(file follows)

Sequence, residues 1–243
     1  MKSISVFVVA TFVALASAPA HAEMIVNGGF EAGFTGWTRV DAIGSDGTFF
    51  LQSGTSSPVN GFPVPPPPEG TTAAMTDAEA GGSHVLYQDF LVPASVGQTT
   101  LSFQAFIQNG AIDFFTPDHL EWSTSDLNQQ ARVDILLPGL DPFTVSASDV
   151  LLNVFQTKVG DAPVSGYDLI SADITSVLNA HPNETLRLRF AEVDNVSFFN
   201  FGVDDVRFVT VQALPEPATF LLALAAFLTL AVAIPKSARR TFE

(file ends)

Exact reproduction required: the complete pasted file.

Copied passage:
Sequence, residues 1–243
     1  MKSISVFVVA TFVALASAPA HAEMIVNGGF EAGFTGWTRV DAIGSDGTFF
    51  LQSGTSSPVN GFPVPPPPEG TTAAMTDAEA GGSHVLYQDF LVPASVGQTT
   101  LSFQAFIQNG AIDFFTPDHL EWSTSDLNQQ ARVDILLPGL DPFTVSASDV
   151  LLNVFQTKVG DAPVSGYDLI SADITSVLNA HPNETLRLRF AEVDNVSFFN
   201  FGVDDVRFVT VQALPEPATF LLALAAFLTL AVAIPKSARR TFE